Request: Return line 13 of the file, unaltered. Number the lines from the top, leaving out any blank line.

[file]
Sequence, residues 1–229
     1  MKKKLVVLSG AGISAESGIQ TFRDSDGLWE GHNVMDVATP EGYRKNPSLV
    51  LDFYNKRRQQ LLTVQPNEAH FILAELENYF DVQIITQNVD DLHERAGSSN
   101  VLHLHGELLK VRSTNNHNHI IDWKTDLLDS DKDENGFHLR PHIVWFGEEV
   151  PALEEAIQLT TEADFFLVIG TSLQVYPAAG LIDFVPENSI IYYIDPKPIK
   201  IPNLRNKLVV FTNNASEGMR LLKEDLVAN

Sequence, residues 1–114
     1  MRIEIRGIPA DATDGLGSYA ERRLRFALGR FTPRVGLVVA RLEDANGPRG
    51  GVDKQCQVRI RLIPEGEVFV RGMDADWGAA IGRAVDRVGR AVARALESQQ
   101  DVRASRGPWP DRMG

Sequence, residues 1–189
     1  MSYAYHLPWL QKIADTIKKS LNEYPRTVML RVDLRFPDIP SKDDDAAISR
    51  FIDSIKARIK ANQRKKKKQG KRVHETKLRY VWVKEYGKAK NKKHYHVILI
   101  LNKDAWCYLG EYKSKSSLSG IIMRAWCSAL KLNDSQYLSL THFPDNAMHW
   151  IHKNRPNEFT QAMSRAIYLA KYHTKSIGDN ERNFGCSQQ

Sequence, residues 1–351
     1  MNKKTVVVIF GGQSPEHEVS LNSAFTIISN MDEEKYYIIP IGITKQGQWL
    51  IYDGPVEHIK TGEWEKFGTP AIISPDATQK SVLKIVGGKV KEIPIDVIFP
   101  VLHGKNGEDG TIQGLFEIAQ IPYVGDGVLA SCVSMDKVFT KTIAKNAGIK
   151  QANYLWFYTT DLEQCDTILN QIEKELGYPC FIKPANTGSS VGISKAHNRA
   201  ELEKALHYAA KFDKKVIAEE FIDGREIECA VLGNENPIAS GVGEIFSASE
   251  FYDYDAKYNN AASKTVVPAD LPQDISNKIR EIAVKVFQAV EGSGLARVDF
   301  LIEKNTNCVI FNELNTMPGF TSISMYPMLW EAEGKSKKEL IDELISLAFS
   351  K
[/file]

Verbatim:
    51  FIDSIKARIK ANQRKKKKQG KRVHETKLRY VWVKEYGKAK NKKHYHVILI